The Oregon Scientific BAR 806 is a wireless, solar weather station. Its LED display showcases forecasted weather, time and date of day, and temperature. Also, despite the “solar” attribute, it is not fully solar — the solar capabilities are an environmentally friendly way to save energy and prolong battery life. Lastly, the device did not turn on so I decided to start the teardown (especially since it’s capabilities are overshadowed by an iPhone’s weather app).
- Heat gun: for any glue/adhesives.
- Multitool (mainly pliers): to pry, pull and hold pieces.
- Pencil: to press on small pieces during the teardown and knolling process.
- Xacto knife: to make small cuts to snap off, open up and pry pieces.
- Screwdriver: unscrewing screws.
These show how I got inside the weather station. I pried the buttons off, along with the glass for the led screen, which separated the front from the back.
Once the back was open, the PCB was exposed and I began to remove each piece either by hand, screwdriver or plier to get ready for knolling.
Here are some process shots removing wires, circuit boards ontop of circuit boards, radio transmission springs, etc.
Lastly, I took a heat gun to the LED screen (in an attempt to remove the film) but no success, so I began to knoll the pieces.
Components, Materials, Parts
Parts of the Weather Station (Knolled image on the left)
Components of the Circuit Board (layered PCB with copper paths — I actually learned from Anne that they are double-sided and you are not viewing the back of one side on the other).
- Resistors: “R”, reduce the flow of current, are seen along each other in a series and are within yellow boxes on the circuit board.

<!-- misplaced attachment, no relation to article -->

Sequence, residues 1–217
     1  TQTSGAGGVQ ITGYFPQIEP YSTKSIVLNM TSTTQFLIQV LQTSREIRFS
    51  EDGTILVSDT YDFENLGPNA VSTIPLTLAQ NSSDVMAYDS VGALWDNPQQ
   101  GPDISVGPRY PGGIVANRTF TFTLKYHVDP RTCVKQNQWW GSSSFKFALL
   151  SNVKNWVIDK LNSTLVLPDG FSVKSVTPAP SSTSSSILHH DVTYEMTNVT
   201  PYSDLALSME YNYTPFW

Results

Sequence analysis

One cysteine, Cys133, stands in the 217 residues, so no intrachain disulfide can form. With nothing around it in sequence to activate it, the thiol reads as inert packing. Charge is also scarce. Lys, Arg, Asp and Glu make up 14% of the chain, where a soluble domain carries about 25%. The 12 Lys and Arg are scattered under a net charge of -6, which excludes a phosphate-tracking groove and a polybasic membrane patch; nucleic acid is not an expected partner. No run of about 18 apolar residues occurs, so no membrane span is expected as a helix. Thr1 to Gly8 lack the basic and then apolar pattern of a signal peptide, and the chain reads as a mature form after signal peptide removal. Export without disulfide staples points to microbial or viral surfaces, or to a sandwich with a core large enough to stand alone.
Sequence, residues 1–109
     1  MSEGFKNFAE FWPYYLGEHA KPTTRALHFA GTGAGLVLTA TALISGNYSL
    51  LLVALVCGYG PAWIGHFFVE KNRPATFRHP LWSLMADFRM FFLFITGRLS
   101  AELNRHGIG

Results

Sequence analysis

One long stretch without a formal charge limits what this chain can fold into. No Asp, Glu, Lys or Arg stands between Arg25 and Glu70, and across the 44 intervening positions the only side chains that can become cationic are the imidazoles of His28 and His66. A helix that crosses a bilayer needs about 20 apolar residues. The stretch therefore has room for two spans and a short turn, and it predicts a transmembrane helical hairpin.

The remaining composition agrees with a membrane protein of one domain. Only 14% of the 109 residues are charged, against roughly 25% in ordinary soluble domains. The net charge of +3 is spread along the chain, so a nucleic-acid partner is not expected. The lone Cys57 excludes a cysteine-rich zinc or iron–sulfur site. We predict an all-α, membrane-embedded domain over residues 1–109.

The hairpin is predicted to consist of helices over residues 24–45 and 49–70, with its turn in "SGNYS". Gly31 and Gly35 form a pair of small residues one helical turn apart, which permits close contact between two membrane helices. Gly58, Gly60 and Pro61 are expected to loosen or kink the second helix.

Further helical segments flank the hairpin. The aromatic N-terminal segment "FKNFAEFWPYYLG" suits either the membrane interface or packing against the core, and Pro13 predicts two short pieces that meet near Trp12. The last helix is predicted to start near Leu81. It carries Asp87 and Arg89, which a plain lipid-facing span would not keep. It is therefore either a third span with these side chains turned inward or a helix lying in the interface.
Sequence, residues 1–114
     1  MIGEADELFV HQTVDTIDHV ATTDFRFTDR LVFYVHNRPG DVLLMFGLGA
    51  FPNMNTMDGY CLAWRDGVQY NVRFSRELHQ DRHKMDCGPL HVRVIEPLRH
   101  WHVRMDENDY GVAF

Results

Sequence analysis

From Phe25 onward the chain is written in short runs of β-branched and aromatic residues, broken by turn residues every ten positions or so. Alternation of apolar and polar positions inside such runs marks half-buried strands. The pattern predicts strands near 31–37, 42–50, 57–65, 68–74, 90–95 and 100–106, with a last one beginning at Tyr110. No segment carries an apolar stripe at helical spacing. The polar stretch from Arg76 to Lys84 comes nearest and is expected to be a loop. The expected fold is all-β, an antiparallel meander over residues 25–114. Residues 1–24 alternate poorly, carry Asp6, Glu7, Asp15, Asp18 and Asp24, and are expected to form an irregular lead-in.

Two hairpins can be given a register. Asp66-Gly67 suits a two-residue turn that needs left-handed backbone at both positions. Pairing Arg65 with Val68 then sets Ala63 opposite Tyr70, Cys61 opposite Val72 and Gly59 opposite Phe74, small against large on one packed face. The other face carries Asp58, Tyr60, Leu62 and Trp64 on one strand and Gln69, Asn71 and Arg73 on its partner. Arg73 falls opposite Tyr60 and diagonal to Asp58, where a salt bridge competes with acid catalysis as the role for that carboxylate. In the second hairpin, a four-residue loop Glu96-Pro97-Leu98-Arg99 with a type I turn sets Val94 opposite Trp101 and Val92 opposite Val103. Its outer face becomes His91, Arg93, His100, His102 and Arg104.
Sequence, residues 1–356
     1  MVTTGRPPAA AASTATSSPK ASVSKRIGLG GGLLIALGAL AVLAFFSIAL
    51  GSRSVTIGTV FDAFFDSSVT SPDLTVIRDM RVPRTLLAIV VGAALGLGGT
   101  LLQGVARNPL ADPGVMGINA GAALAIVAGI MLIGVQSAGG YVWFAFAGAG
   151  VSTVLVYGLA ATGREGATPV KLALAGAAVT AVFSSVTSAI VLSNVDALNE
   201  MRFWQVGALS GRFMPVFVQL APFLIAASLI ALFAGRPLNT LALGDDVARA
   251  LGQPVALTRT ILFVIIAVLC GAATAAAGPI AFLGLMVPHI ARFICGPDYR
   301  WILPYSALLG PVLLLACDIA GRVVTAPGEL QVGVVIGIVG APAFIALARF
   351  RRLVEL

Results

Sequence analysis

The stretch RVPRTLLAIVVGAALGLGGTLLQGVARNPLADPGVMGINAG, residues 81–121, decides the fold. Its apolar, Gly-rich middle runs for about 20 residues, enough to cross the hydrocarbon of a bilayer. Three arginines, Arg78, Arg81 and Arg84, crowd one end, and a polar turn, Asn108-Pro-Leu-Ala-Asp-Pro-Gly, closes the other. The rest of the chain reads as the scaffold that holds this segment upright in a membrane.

- Capacitors: “C”, store electrical energy and are primarily seen on the large circuit board as Red, Green and Black “Chiclet” shapes.
- Diodes: “D”, allow current to flow in one direction, and look like a small fire extinguisher.
- Transformers: “T”, transfer power from one device on the circuit to another, and look like a match on the left side of the large circuit board .
- Integrated circuits: “U”, are microchips with many functions, such as storing memory, and are within black boxes or circles on this circuit board.
- Antennas: “antenna” or “H”, they transmit and receive signals. One on this circuit board is located on the upper right side and is a white box with a “3”. It is the humidity sensor.
- Transistors: “Q”, they amplify or control electrical signals, and are micro-sized black boxes on this circuit board.
- Black “Blobs” are components/chips encapsulated by epoxy. For this circuit, some control the LCD (on the larger PCB) while some process information from the sensors (on the medium sized PCB) to determine Barometric pressure.
- “EU/UK” Switch in the middle to toggle between radio signals.
- EM94AB (on the medium sized circuit): semiconductor for data regarding the Barometric pressure and weather clock.
- Unmarked semiconductor (on the small circuit): most likely for data of the temperature sensor.
This Weather Station is definitely unique and it’s interesting to see how all of the technology is packaged (I assume by machine) within the object encasing itself (for both indoor/outdoor use), and also on the circuit boards. It is so much data, energy and storage within such a small piece of hardware — very cool. Also, since many chips on the board have black epoxy over them, I have concluded that most of the technology is proprietary to the company as they also cannot be found on the internet. Then, it is interesting to see the various methods to achieve the same result, as seen from the antennas and transmitters for transmissions/signals. Lastly, I appreciated the switches for a user to toggle between Celsius and Fahrenheit (for weather) and EU/UK (for radio signals).